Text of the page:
REMEMBER THE DYNAMO? No? Neither do I. Dynamos, or dc generators, usually driven by an ac motor, were among the earliest methods for recharging a storage battery. Originally, self-excited or shunt-wound dynamos were used because they had an inherent current limit if the dynamos became overloaded. The overload would reduce the output voltage, thus reducing the excitation, and the output current would “fold back” toward zero as the overload increased. The presence of a battery as a load, however, reduced the fold back, and effective current limiting required electromechanical regulators (similar to those in older vehicles with generators, before the switch to alternators).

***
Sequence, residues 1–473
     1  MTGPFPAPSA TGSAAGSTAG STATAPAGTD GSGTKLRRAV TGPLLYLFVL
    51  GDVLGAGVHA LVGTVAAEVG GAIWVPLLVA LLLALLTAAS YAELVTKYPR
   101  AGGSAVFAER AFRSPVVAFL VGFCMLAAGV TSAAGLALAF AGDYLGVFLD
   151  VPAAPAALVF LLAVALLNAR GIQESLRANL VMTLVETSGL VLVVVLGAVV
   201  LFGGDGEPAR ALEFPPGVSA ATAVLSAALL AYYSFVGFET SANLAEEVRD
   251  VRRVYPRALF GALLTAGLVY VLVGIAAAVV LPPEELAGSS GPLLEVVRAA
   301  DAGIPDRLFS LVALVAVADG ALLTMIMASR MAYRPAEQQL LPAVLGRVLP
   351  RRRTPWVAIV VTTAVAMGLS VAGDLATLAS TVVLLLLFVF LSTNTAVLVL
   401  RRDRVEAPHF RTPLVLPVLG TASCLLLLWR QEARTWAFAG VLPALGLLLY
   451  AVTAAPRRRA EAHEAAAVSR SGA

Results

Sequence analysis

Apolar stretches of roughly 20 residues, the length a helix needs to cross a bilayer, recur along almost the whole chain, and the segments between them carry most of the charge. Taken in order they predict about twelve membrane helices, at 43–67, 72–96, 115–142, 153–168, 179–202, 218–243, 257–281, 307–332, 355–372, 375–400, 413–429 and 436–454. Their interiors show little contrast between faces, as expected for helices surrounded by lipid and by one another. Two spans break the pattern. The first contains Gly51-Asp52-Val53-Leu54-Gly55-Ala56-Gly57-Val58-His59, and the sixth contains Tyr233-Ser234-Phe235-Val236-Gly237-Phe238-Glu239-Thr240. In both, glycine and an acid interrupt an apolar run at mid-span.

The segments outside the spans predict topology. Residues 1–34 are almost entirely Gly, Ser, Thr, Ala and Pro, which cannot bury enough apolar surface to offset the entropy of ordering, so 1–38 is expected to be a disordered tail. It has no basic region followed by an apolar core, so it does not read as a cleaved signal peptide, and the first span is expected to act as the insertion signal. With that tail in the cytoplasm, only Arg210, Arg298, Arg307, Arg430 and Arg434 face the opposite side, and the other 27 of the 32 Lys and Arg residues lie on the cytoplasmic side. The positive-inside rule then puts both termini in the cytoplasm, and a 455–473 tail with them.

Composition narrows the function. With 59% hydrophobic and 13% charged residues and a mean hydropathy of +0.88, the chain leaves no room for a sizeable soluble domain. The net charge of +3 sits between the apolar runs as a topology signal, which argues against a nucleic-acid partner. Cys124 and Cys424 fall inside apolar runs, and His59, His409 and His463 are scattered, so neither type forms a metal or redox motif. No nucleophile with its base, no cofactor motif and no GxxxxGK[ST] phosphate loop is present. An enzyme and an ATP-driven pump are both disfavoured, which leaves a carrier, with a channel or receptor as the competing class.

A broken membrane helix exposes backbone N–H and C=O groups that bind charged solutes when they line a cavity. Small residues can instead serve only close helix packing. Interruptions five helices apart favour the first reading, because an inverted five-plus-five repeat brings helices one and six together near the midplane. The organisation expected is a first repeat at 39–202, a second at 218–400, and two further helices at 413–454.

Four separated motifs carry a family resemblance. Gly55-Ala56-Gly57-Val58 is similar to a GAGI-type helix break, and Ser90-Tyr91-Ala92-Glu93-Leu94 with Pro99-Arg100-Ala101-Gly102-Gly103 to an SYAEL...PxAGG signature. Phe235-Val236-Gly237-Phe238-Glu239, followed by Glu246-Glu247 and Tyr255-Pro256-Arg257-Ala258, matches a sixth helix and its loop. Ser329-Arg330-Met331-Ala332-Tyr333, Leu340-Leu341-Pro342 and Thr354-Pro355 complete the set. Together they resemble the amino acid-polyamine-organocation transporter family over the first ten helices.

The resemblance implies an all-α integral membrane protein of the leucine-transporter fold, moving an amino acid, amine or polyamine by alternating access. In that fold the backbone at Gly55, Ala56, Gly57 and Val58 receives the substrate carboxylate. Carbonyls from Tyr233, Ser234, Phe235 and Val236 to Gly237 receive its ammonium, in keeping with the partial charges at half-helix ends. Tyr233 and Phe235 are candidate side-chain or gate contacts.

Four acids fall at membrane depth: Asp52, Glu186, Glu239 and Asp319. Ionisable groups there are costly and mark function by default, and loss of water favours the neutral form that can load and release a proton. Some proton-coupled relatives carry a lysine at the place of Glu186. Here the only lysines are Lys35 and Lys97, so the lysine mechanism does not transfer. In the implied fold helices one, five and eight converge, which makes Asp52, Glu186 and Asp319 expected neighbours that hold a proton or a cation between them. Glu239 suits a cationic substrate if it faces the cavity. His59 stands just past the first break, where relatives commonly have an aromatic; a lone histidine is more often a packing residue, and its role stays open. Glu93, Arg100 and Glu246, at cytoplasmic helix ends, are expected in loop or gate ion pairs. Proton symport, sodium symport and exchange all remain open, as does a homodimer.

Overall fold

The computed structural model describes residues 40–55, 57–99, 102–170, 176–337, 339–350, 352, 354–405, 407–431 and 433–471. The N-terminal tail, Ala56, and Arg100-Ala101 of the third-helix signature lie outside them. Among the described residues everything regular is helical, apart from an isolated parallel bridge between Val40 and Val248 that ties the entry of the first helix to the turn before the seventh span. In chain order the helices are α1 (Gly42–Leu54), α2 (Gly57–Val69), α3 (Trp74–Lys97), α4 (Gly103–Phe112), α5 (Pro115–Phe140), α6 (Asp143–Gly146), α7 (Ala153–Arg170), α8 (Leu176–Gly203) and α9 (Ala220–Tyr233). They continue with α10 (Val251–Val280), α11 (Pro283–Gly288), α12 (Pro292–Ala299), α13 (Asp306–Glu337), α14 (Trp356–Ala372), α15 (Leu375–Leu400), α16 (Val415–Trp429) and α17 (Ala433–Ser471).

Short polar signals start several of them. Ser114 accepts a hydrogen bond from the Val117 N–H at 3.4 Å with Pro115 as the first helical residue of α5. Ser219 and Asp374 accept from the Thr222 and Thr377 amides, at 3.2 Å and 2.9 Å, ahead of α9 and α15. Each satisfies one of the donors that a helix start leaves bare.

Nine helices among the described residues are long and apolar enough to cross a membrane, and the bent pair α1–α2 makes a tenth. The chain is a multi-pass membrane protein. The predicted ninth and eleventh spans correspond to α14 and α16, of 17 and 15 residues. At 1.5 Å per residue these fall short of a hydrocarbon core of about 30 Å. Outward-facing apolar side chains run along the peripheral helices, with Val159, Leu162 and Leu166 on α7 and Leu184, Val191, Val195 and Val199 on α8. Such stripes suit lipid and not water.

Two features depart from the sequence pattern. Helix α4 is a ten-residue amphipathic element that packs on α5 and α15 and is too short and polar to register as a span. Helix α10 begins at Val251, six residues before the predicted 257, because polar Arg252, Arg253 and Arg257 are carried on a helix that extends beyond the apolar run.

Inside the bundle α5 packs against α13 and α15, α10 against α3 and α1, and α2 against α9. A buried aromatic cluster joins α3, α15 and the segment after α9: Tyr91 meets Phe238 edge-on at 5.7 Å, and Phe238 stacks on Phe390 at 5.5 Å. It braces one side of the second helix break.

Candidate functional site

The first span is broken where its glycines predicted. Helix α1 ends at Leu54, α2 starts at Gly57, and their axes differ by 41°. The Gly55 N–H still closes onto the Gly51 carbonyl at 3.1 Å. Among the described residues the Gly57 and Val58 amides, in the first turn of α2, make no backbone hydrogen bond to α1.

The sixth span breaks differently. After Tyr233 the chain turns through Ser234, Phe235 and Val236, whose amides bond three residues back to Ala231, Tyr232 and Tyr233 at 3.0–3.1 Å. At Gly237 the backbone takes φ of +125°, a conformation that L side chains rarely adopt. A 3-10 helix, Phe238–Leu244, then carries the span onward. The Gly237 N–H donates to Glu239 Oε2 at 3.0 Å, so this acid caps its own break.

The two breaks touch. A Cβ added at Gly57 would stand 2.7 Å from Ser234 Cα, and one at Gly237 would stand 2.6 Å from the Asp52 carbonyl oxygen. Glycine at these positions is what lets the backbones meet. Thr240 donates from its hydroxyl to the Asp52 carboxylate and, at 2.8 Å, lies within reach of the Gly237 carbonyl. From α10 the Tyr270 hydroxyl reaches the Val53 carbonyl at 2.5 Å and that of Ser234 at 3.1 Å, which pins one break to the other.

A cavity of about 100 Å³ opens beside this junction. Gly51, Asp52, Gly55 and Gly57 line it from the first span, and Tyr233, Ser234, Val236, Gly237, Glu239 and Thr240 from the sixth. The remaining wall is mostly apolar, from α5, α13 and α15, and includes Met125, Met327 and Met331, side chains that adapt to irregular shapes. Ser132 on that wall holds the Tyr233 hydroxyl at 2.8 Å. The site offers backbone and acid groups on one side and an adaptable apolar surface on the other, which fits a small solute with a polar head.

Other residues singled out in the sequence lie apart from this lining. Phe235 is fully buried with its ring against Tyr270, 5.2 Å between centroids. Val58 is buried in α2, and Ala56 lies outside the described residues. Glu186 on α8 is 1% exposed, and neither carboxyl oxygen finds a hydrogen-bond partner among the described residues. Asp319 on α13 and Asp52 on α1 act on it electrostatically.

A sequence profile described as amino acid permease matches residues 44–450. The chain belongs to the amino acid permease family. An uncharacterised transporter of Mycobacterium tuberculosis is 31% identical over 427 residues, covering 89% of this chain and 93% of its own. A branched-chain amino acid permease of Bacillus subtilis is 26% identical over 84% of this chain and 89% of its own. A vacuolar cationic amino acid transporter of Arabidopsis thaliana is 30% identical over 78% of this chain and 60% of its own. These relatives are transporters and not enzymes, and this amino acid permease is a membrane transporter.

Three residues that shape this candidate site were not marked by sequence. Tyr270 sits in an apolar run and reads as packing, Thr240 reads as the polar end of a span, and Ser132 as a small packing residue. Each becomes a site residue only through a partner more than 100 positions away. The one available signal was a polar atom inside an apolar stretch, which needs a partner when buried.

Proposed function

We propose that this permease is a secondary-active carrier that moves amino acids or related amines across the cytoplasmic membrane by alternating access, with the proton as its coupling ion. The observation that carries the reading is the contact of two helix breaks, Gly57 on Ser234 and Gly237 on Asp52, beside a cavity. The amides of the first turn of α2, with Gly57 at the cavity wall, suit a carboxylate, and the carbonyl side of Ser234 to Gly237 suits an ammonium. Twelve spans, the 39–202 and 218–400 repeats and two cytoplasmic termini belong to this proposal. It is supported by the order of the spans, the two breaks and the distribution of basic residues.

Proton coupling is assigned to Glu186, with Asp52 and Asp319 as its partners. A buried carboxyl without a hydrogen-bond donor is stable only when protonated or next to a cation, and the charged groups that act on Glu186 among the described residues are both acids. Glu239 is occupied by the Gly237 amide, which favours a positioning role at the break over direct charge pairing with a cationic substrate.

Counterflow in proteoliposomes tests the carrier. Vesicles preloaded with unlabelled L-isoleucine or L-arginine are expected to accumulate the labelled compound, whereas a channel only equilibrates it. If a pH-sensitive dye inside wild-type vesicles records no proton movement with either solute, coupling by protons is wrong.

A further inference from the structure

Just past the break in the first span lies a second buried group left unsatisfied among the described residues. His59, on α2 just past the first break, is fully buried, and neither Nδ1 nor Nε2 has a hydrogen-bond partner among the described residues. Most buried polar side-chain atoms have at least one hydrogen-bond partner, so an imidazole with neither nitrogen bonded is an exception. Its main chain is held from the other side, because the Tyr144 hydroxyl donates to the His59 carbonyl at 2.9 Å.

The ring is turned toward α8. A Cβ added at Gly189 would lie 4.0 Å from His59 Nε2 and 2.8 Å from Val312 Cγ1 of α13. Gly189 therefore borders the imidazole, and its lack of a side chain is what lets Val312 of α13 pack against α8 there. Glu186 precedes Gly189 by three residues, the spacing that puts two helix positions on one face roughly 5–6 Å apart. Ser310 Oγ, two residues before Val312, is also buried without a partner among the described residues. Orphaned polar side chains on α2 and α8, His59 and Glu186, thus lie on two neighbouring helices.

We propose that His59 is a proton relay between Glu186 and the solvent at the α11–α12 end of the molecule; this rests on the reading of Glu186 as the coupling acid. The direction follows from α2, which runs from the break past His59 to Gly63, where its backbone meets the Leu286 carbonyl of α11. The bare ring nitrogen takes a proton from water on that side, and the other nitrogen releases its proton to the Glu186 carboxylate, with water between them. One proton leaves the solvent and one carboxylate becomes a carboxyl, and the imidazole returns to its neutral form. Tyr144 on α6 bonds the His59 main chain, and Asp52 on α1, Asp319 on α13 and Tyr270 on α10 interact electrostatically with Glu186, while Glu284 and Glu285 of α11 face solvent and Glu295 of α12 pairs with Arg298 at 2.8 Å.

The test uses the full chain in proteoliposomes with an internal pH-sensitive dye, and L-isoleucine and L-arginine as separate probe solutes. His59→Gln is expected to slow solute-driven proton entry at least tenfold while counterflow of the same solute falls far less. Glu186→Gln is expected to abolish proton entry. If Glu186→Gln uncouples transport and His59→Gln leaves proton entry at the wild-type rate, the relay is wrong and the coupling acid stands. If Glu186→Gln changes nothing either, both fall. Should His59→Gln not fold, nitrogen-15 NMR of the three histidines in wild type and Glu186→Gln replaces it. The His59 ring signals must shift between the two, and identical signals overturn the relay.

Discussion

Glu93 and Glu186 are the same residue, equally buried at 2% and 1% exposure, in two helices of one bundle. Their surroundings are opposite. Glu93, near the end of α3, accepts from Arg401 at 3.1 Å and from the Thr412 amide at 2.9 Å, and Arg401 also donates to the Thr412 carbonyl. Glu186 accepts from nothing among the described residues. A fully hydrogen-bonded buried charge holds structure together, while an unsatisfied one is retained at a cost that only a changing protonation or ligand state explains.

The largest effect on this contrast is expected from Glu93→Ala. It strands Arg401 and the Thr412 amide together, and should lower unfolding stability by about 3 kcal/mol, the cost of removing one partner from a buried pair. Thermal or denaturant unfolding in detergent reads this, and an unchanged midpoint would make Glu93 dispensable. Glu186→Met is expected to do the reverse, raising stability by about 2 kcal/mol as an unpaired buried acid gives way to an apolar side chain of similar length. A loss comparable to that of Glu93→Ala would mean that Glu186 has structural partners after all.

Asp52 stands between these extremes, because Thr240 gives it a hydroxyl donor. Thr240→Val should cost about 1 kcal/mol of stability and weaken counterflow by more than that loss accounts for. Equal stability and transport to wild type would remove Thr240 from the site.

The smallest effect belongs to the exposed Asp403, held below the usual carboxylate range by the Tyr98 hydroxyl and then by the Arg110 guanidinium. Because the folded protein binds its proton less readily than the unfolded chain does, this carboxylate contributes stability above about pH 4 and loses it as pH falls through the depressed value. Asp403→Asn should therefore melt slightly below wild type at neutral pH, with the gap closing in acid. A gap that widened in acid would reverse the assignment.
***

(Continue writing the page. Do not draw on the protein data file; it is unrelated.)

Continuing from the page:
The current regulators weren’t user-adjustable; they ran at a fixed current, and tolerances were wide. Early dynamos typically limited their output current to about 120% of their rating, but could range from 100% to 125%. As electronic controls became available, the regulation specs improved.
When dynamos were replaced by static converters in the mid-1960s, and then finally by modern electronically controlled chargers, manufacturers perpetuated the 120% current limit, largely because it was in customers’ specifications.